Dysphoria & Trauma I

Trauma

Originally, I intended to write this post a part of my “Soul Searching” series (posts where I transform my original videos into writing, you can find the introduction here). However, I think this is a very important topic and one that a lot of gender nonconforming people deal with. When I started recording my vlog in August, 2015, one of the questions on my mind was: “Am I gender nonconforming because of my bad experiences”.
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This sadly is a quite widespread idea. I can´t tell you how many times I´ve watched some popular sitcom (Friends, Two and a Half Men, and others), and be struck by the times that transgenderism was linked to the idea that the person in question went through some kind of horrible trauma. No idea how pervasive this is in the newer sitcoms (feel free to leave your thoughts!), but the good news is that we´ve come a long way since.

The diagnosis of Gender Identity Disorder has made way for the far more friendly Gender Dysphoria in the DSM-IV, and research has made some progress, suggesting that the discordance between the brain and the body (felt gender and physical gender) can start as early as in the womb. It follows that childhood trauma is not a recipe for gender dysphoria. But, it can surely play into it? And maybe even pose as dysphoria?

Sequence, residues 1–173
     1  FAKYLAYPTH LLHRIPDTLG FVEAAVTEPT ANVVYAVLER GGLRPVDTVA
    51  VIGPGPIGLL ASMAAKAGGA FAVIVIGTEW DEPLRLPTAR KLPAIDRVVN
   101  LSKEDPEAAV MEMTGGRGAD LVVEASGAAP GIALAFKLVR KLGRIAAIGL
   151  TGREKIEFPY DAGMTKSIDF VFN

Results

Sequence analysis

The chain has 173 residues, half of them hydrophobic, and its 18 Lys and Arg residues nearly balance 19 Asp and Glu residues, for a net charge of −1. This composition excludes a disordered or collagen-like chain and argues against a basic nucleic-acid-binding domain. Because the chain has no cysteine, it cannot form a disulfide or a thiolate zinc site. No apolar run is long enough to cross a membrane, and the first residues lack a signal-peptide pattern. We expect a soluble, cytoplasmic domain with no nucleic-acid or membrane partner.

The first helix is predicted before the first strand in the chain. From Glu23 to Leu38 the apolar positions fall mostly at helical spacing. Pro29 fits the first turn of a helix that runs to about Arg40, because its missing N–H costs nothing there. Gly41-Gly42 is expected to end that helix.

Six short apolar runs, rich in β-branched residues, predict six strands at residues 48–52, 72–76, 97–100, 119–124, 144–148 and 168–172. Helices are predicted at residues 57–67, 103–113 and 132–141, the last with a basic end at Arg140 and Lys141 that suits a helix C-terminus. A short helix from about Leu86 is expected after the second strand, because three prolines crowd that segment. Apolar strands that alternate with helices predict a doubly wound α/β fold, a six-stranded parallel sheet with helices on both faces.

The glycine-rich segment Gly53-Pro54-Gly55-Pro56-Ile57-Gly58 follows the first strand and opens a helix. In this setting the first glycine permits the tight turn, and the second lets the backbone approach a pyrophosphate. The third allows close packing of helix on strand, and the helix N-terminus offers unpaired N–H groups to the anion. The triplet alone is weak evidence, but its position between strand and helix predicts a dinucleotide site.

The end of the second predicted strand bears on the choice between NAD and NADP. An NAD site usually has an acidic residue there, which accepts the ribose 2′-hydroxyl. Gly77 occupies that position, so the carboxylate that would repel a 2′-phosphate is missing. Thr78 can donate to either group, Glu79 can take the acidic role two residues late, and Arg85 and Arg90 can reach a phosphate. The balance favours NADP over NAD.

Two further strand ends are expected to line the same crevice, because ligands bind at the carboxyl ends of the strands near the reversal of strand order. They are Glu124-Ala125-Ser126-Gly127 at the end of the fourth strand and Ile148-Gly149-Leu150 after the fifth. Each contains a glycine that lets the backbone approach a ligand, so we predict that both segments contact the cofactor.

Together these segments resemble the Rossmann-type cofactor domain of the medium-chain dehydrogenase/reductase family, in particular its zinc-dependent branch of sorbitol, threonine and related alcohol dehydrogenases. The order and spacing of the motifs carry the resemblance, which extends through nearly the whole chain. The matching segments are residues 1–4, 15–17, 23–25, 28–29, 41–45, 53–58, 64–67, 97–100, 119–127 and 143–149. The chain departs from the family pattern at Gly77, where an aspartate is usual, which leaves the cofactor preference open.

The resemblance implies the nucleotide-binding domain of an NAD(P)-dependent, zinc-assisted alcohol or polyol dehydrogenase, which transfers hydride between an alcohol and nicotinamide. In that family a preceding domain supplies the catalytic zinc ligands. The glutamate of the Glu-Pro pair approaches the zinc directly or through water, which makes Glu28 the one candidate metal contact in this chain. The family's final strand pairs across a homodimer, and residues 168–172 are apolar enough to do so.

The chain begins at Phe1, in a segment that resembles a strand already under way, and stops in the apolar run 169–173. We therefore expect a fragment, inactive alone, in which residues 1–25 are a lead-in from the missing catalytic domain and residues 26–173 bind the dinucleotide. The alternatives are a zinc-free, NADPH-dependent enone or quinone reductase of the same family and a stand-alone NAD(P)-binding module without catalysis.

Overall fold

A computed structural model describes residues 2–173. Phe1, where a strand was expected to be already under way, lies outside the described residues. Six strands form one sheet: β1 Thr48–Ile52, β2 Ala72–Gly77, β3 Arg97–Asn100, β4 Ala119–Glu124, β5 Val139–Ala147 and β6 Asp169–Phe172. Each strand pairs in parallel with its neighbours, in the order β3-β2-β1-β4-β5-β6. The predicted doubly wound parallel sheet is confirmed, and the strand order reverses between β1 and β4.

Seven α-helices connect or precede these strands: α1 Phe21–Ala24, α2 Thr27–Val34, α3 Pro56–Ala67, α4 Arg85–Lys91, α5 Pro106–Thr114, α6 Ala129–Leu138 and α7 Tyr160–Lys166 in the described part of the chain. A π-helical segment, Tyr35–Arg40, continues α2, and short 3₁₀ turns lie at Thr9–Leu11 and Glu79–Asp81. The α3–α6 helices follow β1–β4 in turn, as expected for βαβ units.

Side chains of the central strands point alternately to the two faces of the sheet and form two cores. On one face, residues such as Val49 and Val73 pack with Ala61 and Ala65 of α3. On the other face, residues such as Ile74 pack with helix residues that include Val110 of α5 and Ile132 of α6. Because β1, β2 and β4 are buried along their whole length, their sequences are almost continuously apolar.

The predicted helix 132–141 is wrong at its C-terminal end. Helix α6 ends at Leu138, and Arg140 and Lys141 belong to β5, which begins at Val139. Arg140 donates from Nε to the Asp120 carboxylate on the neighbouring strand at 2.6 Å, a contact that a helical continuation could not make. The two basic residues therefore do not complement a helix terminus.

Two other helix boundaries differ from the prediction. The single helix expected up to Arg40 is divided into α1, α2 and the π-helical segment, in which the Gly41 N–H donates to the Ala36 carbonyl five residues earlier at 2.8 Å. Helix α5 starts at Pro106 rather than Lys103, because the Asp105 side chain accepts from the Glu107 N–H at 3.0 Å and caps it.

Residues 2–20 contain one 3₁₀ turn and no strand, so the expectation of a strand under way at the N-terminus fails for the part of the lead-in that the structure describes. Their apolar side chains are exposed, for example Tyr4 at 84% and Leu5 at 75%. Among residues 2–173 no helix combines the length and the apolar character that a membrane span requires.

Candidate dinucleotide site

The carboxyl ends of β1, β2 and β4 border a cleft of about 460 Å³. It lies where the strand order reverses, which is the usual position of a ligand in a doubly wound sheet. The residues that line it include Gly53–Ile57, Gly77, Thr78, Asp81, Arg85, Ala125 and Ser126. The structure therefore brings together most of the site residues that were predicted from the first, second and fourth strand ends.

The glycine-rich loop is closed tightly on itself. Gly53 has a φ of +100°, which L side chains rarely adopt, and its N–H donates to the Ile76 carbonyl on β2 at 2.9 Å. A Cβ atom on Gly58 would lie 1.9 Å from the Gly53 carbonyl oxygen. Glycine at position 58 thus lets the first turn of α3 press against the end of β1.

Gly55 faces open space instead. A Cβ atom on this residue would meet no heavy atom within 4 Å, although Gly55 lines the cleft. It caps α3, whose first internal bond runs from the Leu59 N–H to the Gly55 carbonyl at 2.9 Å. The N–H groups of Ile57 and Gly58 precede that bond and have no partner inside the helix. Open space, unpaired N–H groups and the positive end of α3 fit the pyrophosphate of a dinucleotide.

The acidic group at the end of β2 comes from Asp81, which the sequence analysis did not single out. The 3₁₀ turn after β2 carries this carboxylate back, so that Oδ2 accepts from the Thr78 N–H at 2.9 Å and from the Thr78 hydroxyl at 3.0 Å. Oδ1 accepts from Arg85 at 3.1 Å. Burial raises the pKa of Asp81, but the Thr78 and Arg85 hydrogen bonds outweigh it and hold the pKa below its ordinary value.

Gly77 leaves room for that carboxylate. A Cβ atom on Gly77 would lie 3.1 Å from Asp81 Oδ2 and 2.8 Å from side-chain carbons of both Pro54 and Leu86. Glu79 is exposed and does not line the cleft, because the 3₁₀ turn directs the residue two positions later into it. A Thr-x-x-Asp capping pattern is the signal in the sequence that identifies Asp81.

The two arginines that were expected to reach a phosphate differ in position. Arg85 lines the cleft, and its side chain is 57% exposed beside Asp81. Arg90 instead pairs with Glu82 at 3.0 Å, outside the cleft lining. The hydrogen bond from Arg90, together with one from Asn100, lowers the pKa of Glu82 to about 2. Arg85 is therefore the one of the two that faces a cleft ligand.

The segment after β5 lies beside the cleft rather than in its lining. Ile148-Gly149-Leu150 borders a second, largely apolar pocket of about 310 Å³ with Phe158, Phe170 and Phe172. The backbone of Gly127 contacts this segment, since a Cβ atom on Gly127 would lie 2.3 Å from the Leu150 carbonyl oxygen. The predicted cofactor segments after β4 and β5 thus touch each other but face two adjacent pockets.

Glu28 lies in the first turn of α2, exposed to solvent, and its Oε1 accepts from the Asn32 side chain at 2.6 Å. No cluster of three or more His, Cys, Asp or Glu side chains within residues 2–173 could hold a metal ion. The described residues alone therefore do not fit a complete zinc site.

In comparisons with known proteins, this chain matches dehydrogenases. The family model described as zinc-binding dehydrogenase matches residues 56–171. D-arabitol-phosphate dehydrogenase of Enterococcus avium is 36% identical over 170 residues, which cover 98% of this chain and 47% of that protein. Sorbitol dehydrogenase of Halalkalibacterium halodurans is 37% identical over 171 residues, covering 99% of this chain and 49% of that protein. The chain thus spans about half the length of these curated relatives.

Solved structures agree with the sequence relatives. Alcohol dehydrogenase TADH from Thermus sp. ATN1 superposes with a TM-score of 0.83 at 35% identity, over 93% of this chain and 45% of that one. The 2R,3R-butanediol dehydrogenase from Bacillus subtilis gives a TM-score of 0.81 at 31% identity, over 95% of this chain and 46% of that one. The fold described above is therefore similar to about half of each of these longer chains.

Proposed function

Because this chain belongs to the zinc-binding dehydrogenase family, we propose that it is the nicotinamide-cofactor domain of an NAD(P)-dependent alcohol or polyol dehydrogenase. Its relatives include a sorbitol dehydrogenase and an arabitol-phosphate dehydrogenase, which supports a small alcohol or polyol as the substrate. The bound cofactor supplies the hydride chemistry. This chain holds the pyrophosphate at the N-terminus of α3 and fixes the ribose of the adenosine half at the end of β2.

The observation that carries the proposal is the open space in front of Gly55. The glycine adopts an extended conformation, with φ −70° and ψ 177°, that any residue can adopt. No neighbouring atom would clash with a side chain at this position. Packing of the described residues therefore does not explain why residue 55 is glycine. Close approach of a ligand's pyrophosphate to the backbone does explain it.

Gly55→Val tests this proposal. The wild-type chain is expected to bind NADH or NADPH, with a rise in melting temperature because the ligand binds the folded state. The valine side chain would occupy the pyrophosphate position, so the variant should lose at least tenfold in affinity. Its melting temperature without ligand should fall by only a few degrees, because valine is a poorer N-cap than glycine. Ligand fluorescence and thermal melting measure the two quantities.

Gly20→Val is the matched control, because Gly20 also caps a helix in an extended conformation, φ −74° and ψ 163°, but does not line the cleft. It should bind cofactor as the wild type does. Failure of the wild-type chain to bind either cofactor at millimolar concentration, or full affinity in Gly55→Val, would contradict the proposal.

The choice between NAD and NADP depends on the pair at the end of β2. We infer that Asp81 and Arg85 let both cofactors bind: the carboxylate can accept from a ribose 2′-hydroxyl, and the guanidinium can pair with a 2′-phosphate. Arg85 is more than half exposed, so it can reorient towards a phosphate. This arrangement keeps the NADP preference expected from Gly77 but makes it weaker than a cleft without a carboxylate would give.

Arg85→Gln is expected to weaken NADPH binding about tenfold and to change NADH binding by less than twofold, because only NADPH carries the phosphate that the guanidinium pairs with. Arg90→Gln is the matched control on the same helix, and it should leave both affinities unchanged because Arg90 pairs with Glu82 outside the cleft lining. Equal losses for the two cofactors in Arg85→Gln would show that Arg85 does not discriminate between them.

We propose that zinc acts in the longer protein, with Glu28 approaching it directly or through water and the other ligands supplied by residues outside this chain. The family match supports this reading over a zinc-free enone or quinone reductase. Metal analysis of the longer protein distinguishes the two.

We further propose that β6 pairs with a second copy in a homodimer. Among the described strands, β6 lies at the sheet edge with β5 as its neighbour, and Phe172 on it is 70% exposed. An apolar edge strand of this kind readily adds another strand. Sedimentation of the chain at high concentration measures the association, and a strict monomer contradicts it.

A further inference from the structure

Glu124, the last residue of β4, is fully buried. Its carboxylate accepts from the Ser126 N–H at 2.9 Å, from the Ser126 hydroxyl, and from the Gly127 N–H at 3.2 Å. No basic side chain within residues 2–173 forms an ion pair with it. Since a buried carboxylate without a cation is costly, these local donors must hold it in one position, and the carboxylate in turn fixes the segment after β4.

That exact question, particularly the last one, was bugging me in August. When you´ve been through on ordeal that has a big influence on your adult life, it´s easy to start explaining every strange thing in the light of a bad childhood. It makes you wonder whether in reality you have no gender dysphoria and it´s all just a reaction to the crap they made go you through, especially if it was sexual in nature.

For me, there certainly was a link between dysphoria and bad experiences, because in those experiences, my body had been the object of a constant struggle for power. There had been no respect for my identity or my rights to even have an identity – in a way, my individuality was being replaced with some bullshit about how my existence was mostly a horrible burden for other people and my parents.

In this light it becomes easy to see how a young mind and young body are susceptible to invasion (i.e brainwashing) and how this can be linked to the body especially when some form of (sexual) assault is involved. Female-bodied individuals might symbolically (though not necessarily in real life) be more susceptible to such invasion and as a result have a complex of shame about their own body.

Part two can be found here.

 

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